Arizona is among several states that have passed new legislation to update construction defect laws that have been in use since the 1990s and 2000s.
The new Arizona law, House Bill 2578, became effective in the summer of 2015. The bill provides a definition of “construction defect” and seeks to reduce the number of lawsuits based on such issues.
The meaning of a construction defect
According to the new Arizona law, a construction defect refers to a material deficiency in a dwelling’s:
The defect could be from a construction code violation; the use of defective products, materials components or equipment; or lack of following “generally accepted workmanship standards in the community.”
Based on “material deficiency”
The presence of a construction defect relies on a material deficiency. This is a deficiency that jeopardizes the structural integrity of a building or adversely affects either its functionality or appearance.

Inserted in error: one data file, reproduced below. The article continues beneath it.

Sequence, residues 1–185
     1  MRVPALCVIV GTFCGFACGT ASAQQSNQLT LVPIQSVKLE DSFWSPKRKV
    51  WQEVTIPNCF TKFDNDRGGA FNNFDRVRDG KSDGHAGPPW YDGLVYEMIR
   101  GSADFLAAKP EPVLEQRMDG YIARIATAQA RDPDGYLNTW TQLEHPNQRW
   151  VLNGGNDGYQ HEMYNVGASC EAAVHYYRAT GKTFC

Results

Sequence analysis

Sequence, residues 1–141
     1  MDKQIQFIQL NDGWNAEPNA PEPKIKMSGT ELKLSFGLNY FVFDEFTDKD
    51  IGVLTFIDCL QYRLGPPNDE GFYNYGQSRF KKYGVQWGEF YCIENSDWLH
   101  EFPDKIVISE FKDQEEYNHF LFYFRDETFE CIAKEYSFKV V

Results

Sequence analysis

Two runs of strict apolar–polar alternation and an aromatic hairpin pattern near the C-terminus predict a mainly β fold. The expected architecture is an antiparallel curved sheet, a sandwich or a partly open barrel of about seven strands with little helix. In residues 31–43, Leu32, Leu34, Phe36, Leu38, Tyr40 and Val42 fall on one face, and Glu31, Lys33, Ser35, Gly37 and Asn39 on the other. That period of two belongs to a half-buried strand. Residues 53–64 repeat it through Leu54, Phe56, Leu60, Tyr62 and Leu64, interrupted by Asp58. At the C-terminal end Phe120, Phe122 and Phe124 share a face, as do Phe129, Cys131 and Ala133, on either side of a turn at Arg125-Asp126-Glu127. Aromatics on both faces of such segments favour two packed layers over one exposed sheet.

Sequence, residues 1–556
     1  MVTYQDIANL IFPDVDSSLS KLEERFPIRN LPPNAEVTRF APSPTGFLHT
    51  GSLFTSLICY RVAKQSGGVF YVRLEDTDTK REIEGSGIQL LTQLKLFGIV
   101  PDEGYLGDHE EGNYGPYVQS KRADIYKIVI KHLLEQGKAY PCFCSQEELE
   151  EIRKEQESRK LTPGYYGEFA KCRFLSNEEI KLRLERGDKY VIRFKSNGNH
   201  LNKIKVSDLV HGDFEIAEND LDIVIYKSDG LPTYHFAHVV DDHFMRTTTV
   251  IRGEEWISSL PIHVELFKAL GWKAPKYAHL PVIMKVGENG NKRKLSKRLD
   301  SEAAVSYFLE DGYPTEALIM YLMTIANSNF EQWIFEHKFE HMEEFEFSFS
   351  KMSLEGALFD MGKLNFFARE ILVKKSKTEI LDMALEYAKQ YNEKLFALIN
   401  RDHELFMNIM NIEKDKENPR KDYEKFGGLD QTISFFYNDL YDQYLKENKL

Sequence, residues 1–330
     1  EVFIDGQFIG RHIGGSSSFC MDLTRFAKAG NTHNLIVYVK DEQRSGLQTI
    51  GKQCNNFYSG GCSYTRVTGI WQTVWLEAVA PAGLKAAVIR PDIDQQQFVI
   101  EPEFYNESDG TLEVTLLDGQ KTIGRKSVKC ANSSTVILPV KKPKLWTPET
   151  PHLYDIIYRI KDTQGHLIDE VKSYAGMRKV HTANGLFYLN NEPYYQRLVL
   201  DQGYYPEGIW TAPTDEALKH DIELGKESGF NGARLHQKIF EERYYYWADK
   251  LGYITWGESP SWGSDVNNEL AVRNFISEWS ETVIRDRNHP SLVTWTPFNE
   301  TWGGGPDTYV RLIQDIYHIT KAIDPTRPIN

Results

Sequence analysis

The new law often refers to the “seller,” who is any person, company or organization that designs, constructs or sells dwellings. The term also includes “construction professionals,” such as architects, contractors, builders, developers, suppliers and others associated with the construction trade. All these people are subject to the provisions of the new Arizona law.
What could happen
Despite best efforts, a variety of problems could surface either during construction or afterward. For example, the foundation of a house could settle. There could be grading problems, drainage problems or an influx of water. Design defects and defective construction materials could endanger the integrity of the new residence.
Putting the new law to work
The goals of the previous laws were standardization of legal procedures and reduction of the number of claims against homebuilders. Contractors, architects and others associated with the building trade would rather work out an issue with the homeowner than go to court, but litigation is always a possibility. If an issue arises with respect to a construction defect, it is wise to explore all the legal options available.